“You will be remanded into custody until that time, please go with the officers,” the district judge told Cregan.

There was no application for bail by Cregan’s solicitor, David Caplin.

Mark Short, 23, died from a gunshot wound to his neck after a gunman entered a pub and opened fire, around 11.50pm at the the Cotton Tree Inn, on Market Street, in Droylsden, Tameside, on May 25.

Cregan is also accused of the attempted murders of Michael Belcher, Ryan Pridding and John Short, who were in the pub at the time.

Eleven weeks later on August 10 the victim’s father David Short, 46, died in a grenade and gun attack on his home on Folkestone Road East, in Clayton, Manchester, at around 10.30am.

Less than ten minutes later on the same day there was another grenade explosion less than half a mile away on Luke Road, Droylsden.

Cregan faces a further allegation of attempted murder of Sharon Hark arising from the incidents on that day.

A huge security operation was mounted with the area both inside and outside the court building in Manchester city centre swamped with police.

Officers in high-viz yellow jackets stood guard on street corners on all the roads around the building.

Inside the court complex armed officers wearing dark glasses, black uniforms and carrying Heckler and Koch machine guns stood guard.

There were more armed officers outside court number 16, the courtroom where Cregan appeared.

The defendant arrived at the court complex in a convoy of police vehicles.

Officers surrounded the court building and as the van which held Cregan entered the court’s underground car park, four armed police officers emerged from a 4x4 to guard the gates.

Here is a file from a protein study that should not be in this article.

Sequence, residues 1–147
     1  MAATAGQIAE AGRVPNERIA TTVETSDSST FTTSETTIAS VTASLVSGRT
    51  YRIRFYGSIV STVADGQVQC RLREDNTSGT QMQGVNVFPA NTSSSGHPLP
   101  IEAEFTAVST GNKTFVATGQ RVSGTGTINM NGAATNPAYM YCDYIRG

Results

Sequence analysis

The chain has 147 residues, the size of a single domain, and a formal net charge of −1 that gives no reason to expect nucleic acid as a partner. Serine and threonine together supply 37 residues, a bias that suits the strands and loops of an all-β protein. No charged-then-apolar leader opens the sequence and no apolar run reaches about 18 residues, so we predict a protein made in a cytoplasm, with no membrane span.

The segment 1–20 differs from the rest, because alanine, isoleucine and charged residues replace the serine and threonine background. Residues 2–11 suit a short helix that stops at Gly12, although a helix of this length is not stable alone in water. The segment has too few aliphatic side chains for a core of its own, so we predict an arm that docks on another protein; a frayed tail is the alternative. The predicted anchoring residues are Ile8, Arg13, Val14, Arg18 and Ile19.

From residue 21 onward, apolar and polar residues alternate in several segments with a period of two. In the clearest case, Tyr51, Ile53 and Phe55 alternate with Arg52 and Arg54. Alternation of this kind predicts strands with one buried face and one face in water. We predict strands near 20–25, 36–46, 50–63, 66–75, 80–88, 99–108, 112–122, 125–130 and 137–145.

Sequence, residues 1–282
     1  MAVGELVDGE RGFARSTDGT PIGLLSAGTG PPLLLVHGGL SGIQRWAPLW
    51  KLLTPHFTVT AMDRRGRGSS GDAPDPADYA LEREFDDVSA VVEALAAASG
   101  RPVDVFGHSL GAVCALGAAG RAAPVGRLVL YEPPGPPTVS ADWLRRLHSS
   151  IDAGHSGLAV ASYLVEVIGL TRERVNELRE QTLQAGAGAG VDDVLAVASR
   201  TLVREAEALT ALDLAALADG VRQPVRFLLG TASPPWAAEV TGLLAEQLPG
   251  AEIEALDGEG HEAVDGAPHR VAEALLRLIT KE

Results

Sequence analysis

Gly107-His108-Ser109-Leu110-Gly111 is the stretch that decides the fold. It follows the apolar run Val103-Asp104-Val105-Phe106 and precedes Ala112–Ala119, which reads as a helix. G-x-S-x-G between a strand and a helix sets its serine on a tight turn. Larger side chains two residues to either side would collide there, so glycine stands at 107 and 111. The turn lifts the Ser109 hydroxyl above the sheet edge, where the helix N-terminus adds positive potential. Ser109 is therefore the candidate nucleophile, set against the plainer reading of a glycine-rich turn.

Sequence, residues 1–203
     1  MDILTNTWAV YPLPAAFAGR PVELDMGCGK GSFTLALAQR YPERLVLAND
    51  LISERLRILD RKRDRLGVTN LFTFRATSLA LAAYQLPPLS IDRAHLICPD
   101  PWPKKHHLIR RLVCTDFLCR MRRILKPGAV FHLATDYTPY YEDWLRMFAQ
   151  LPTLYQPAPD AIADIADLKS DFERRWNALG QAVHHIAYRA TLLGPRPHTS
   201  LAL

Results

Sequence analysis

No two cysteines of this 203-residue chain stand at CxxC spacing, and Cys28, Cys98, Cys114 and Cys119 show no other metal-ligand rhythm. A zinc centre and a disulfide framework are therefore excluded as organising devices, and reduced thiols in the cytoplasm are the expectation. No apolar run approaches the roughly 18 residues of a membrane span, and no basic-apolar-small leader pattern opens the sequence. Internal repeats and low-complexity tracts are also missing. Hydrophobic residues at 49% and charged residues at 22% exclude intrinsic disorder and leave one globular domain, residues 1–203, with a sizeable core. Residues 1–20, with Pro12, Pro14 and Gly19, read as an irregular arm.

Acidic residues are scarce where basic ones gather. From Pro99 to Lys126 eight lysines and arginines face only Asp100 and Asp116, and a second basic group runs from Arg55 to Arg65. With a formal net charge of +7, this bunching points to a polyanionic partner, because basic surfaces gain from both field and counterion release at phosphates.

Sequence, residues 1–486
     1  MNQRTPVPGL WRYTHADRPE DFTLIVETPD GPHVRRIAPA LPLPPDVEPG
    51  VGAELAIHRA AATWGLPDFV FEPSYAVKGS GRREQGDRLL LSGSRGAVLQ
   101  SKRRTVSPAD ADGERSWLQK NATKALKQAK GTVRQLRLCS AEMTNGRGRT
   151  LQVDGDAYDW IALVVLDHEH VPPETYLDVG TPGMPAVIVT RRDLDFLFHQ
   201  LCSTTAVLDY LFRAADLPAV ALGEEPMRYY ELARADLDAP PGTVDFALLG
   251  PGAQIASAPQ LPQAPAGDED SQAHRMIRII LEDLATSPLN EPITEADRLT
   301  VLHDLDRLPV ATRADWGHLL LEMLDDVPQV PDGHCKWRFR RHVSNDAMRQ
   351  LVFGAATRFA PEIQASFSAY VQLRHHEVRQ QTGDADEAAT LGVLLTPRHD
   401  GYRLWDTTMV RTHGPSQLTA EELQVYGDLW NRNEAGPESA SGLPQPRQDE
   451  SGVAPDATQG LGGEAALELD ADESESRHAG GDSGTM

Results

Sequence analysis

After his brief court appearance, the same armed convoy sped away, taking the alleged police killer back to Manchester’s Strangeways prison.

Meanwhile, it has emerged that armed police staged a raid at the housing estate in Hattersley two weeks before the two officers were killed there.

A search took place on the morning of August 16 at a house near the murder scene as part of the hunt for Cregan, who was wanted at the time over the deaths of the Shorts. No arrest was made in relation to the August 16 search.

Greater Manchester Police have been given more time to question a 28-year-old man, named by sources as Stephen Garvey, who has been arrested on suspicion of conspiracy to commit murder in relation to Pc Bone and Pc Hughes. This is due to expire at 9.15am tomorrow.

Following the deaths of the officers the Greater Manchester force has received over 30,000 messages on its online book of condolence, more than 20,000 have been posted on the force’s Facebook page and more than 1.3 million people have viewed the tribute to the officers on Facebook.

Police from across the country have also offered to provide cover so officers can attend the funerals of Pcs Bone and Hughes.

A 22-year-old, from Netherley, Merseyside, was bailed last night after he was arrested on Wednesday for setting up a Facebook page lauding Cregan as a “legend”.